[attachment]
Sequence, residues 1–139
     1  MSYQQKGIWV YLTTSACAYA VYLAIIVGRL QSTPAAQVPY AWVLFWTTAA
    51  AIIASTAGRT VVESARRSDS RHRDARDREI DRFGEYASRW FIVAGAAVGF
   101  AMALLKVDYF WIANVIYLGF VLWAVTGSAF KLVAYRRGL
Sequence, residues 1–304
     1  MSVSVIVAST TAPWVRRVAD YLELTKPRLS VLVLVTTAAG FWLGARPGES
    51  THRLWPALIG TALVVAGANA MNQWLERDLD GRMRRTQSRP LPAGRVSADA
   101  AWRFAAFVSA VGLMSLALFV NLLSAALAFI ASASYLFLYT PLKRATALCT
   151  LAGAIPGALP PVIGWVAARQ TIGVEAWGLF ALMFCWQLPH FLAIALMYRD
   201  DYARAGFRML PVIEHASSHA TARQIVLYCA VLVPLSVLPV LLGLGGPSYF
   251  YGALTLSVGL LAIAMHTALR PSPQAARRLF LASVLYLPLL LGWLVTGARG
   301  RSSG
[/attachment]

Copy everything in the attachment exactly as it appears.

Sequence, residues 1–139
     1  MSYQQKGIWV YLTTSACAYA VYLAIIVGRL QSTPAAQVPY AWVLFWTTAA
    51  AIIASTAGRT VVESARRSDS RHRDARDREI DRFGEYASRW FIVAGAAVGF
   101  AMALLKVDYF WIANVIYLGF VLWAVTGSAF KLVAYRRGL
Sequence, residues 1–304
     1  MSVSVIVAST TAPWVRRVAD YLELTKPRLS VLVLVTTAAG FWLGARPGES
    51  THRLWPALIG TALVVAGANA MNQWLERDLD GRMRRTQSRP LPAGRVSADA
   101  AWRFAAFVSA VGLMSLALFV NLLSAALAFI ASASYLFLYT PLKRATALCT
   151  LAGAIPGALP PVIGWVAARQ TIGVEAWGLF ALMFCWQLPH FLAIALMYRD
   201  DYARAGFRML PVIEHASSHA TARQIVLYCA VLVPLSVLPV LLGLGGPSYF
   251  YGALTLSVGL LAIAMHTALR PSPQAARRLF LASVLYLPLL LGWLVTGARG
   301  RSSG